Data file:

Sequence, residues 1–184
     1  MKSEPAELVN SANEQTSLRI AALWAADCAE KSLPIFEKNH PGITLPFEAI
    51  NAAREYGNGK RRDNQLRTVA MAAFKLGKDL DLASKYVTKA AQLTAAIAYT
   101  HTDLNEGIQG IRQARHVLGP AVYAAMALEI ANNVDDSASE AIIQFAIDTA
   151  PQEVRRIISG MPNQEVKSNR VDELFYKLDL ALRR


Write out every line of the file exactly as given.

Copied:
Sequence, residues 1–184
     1  MKSEPAELVN SANEQTSLRI AALWAADCAE KSLPIFEKNH PGITLPFEAI
    51  NAAREYGNGK RRDNQLRTVA MAAFKLGKDL DLASKYVTKA AQLTAAIAYT
   101  HTDLNEGIQG IRQARHVLGP AVYAAMALEI ANNVDDSASE AIIQFAIDTA
   151  PQEVRRIISG MPNQEVKSNR VDELFYKLDL ALRR